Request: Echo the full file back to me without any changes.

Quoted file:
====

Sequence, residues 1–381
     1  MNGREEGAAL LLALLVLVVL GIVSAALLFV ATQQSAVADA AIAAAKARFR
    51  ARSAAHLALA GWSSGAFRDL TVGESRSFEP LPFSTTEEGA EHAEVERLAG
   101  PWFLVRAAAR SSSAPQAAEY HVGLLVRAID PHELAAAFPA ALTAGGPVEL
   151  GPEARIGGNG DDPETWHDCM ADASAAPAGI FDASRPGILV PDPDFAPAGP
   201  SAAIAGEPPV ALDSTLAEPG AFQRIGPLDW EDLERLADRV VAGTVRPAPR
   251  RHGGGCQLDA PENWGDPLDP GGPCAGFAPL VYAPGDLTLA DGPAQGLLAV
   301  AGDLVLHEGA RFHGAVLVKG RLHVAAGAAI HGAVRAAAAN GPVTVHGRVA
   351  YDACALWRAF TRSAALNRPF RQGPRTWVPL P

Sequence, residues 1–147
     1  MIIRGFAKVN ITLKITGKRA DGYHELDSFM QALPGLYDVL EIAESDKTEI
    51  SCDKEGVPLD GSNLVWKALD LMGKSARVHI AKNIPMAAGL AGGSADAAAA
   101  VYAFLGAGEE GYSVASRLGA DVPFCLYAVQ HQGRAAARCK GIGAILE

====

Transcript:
Sequence, residues 1–381
     1  MNGREEGAAL LLALLVLVVL GIVSAALLFV ATQQSAVADA AIAAAKARFR
    51  ARSAAHLALA GWSSGAFRDL TVGESRSFEP LPFSTTEEGA EHAEVERLAG
   101  PWFLVRAAAR SSSAPQAAEY HVGLLVRAID PHELAAAFPA ALTAGGPVEL
   151  GPEARIGGNG DDPETWHDCM ADASAAPAGI FDASRPGILV PDPDFAPAGP
   201  SAAIAGEPPV ALDSTLAEPG AFQRIGPLDW EDLERLADRV VAGTVRPAPR
   251  RHGGGCQLDA PENWGDPLDP GGPCAGFAPL VYAPGDLTLA DGPAQGLLAV
   301  AGDLVLHEGA RFHGAVLVKG RLHVAAGAAI HGAVRAAAAN GPVTVHGRVA
   351  YDACALWRAF TRSAALNRPF RQGPRTWVPL P

Sequence, residues 1–147
     1  MIIRGFAKVN ITLKITGKRA DGYHELDSFM QALPGLYDVL EIAESDKTEI
    51  SCDKEGVPLD GSNLVWKALD LMGKSARVHI AKNIPMAAGL AGGSADAAAA
   101  VYAFLGAGEE GYSVASRLGA DVPFCLYAVQ HQGRAAARCK GIGAILE